A Rain Forest in Southern Cross Station

Black Pen - Southern Cross Station BW 05 05 2015Black Pen - Southern Cross Station anaylsis 12 05 2015Black Pen - Southern Cross Station concept 11 05 2015

I’m sitting at Southern Cross Station waiting for my train to depart to go back to Geelong. I very rarely catch a train, so everything is exciting to me. This day has a slight breeze with some filtered afternoon sun shine striking through the Southern Cross Station architecture. I take a photo as the light cast interesting shadows on the ground surface. I start to observe everything within this station and am captivated by the building detail. My eye follows from one beam to the next getting lost in the steel maze. I start to watch the commuters that are waiting to board the idling trains. It appears people are covering their mouths with their scarfs and jackets. They are attempting to filter the diesel fumes through their clothing. Now I’m starting to speculate, is this station an unhealthy public space? Maybe, the station is in a chronic condition and we don’t even know it. Can we bring this station back to life?

The old Spencer Street Station is what I’m trying to remember. I recall it had an industrial simple charm with great detailing within the steel post. An unassuming steel awning that covered patrons from the sun and the rain. Trains were parked on open platform exposed to the elements that allowed diesel fumes to escape. The station was clean and allowed you to arrive or set of on your journey.

Now the current design is what is capturing my attention. Yes, the redesign is beautiful with great canopies of architecture connecting all the platforms. A very contemporary world class station.

Nonetheless, what is peculiar, the natural life essence of the station is somewhat nonexistent. Little things need to be considered to bring some spirit and life back into the station supports. Take for example the sun. How do you get it to shine onto your face? It is currently filtered through glass and steel. Nor does the rain enter the station. It is trapped outside and funneled into an internal network. How are you supposed to feel the rain through your hair or watch your umbrella blow away? A few pigeons and brown sparrows fly around taking the odd scrap, then dispersing into the air. They might call this place a fast food outlet, not a place they would choose to occupy. These birds are the only indication of nature in this cold, eerie and lonely place.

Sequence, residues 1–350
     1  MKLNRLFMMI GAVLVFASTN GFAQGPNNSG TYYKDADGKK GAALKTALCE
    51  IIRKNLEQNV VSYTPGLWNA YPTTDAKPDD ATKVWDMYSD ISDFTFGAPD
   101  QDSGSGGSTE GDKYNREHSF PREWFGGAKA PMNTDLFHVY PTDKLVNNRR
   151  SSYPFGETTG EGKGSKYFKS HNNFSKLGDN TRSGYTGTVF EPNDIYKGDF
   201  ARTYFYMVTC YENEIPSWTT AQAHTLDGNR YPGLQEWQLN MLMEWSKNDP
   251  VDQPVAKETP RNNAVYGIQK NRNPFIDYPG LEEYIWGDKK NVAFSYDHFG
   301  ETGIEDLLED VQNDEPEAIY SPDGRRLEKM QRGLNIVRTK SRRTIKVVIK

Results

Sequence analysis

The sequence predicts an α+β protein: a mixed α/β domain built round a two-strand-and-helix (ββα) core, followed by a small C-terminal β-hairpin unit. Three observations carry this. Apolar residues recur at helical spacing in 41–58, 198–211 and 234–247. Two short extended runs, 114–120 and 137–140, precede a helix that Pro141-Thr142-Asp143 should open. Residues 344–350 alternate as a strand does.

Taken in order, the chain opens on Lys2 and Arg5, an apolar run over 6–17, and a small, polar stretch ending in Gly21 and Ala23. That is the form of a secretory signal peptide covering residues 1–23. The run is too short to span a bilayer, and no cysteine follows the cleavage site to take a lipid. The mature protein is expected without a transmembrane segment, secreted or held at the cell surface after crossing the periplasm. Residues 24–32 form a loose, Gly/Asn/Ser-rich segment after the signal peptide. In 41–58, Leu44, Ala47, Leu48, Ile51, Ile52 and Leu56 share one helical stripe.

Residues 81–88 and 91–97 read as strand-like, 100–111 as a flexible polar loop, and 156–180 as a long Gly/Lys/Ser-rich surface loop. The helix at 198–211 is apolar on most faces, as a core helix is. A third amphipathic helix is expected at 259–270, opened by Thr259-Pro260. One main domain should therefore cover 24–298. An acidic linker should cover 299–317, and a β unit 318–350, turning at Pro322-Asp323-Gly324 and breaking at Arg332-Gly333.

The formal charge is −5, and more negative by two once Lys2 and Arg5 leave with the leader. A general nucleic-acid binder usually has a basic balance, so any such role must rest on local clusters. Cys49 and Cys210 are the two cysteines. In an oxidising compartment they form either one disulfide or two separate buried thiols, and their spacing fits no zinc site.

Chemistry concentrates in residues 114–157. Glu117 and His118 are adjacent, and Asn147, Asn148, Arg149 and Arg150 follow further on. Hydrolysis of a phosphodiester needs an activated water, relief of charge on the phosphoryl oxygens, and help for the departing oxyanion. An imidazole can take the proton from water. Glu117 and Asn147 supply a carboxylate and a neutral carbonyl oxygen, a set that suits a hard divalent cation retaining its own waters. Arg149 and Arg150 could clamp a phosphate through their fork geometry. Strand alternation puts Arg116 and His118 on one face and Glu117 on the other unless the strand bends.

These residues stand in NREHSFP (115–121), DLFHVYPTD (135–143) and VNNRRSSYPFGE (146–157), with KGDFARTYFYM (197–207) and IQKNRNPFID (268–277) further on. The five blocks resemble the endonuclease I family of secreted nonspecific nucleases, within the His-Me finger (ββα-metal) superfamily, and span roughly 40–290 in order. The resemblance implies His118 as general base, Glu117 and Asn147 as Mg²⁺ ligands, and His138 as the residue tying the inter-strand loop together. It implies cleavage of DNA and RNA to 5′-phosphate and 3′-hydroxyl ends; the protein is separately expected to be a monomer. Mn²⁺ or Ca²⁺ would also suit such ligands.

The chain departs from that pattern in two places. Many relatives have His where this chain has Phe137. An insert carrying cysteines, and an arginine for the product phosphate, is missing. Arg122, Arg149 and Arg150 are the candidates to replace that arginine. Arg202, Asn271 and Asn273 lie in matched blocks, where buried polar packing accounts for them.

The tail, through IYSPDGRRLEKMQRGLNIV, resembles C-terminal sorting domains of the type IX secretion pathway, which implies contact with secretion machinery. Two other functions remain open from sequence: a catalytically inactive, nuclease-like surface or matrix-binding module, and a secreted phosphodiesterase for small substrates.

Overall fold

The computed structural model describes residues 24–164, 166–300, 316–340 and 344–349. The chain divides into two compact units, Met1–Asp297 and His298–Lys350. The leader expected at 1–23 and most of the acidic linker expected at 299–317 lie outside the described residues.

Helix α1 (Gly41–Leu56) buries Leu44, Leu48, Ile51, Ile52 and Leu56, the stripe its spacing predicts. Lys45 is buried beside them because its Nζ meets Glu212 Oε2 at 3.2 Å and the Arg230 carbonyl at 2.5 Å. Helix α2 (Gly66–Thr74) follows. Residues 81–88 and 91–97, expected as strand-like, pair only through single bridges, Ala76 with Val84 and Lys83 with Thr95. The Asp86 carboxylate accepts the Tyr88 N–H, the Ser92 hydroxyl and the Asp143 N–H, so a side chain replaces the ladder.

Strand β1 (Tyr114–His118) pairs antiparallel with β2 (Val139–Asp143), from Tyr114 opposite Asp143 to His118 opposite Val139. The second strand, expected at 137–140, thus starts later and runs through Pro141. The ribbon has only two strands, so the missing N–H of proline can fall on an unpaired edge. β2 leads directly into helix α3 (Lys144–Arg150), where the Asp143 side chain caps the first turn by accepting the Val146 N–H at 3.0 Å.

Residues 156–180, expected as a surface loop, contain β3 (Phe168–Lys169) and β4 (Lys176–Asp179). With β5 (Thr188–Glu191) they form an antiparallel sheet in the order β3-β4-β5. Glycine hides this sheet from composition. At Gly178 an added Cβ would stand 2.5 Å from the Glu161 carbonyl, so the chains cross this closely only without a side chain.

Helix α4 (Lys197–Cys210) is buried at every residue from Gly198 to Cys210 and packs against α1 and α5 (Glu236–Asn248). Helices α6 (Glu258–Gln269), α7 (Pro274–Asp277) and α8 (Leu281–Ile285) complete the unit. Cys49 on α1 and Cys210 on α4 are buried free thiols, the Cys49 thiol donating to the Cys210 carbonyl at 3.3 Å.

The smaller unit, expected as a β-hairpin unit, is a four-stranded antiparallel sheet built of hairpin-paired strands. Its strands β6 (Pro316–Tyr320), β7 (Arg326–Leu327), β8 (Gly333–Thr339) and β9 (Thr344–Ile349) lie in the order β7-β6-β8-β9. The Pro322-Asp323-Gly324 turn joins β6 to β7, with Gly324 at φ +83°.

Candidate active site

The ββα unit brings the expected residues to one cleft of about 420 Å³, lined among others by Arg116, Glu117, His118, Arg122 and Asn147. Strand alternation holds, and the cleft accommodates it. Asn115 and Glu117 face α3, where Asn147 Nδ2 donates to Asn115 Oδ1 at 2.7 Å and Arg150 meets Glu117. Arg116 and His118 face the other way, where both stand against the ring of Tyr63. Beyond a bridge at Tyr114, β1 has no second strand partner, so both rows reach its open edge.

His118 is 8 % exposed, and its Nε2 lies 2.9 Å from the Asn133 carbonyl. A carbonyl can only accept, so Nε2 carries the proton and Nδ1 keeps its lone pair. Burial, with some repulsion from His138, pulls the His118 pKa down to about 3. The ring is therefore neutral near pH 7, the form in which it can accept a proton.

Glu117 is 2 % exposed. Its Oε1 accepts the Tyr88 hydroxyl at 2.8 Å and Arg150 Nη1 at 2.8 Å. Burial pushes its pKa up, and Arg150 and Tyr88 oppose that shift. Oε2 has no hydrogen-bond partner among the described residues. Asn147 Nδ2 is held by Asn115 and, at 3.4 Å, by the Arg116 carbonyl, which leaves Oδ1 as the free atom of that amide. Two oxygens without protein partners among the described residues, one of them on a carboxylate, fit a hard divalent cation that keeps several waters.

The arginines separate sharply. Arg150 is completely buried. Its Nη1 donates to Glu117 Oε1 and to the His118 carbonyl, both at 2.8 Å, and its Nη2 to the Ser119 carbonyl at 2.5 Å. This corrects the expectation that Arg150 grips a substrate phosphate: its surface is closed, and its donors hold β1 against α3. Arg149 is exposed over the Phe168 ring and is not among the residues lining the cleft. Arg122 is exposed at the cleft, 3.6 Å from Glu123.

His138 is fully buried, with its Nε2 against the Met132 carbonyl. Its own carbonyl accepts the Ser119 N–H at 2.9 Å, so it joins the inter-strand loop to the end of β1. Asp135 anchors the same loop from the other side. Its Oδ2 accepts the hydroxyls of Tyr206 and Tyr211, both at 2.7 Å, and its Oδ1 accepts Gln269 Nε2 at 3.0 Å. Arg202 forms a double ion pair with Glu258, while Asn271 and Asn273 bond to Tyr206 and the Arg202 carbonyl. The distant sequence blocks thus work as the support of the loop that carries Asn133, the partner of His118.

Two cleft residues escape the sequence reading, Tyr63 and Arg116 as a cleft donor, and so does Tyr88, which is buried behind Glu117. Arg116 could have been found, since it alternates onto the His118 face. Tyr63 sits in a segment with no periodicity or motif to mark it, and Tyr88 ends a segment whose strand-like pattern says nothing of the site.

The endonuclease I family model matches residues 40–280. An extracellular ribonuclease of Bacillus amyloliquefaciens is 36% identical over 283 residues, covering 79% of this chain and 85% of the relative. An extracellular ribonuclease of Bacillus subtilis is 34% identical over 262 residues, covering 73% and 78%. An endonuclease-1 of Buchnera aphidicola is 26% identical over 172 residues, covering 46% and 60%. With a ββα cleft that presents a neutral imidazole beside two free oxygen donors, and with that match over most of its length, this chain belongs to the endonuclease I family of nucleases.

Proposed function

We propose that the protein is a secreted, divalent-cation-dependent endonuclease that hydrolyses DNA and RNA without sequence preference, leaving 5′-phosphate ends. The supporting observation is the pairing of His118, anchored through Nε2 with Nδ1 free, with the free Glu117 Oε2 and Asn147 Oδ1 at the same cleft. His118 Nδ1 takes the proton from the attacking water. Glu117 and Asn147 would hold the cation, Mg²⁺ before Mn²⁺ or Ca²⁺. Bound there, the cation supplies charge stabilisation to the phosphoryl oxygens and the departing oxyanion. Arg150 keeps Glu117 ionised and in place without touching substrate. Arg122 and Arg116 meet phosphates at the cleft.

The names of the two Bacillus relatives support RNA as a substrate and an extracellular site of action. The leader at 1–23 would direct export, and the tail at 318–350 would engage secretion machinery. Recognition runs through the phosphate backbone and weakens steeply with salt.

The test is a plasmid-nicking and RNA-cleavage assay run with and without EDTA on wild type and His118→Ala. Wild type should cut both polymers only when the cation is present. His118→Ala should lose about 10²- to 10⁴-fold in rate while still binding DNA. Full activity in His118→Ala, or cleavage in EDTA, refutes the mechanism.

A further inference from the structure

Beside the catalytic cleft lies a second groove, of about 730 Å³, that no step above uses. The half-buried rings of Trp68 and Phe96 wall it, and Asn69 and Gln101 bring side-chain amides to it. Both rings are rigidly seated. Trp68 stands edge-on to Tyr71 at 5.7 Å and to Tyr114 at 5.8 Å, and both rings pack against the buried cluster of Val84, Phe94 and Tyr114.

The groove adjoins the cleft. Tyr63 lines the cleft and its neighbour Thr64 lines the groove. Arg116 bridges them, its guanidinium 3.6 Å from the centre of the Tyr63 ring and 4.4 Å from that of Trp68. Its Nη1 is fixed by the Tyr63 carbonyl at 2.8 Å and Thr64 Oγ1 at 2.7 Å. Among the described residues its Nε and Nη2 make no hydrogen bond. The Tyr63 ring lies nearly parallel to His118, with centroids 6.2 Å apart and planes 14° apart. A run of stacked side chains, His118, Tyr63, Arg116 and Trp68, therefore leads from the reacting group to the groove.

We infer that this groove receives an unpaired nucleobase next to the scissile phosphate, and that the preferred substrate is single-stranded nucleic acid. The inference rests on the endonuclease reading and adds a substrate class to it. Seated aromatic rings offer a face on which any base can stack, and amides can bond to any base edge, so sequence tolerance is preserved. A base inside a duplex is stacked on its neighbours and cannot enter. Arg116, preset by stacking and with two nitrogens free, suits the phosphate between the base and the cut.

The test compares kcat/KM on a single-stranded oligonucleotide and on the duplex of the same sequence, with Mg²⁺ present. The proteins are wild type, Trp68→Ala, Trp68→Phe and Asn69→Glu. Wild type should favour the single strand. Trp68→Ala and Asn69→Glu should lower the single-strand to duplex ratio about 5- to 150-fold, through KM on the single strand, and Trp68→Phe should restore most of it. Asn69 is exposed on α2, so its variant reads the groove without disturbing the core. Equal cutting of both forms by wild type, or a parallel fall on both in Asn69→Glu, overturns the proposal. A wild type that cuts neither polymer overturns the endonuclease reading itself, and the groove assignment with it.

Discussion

So why is this station so unnatural? Could it be from the idling trains which carry the loud continuous droning noise throughout the space? Maybe, it’s the diesel fumes that are being propelled upwards and then getting trapped in the roof spaces. A few questions come to mind. Are the exhaust fans working at this station? Why can’t the roof open up to allow the engine fumes to escape on certain days? What would it be like working at this station for a career? Why do the trains need to idle while they wait? Does the air get tested for quality? There has to be some better efficiencies to make this station a healthier place.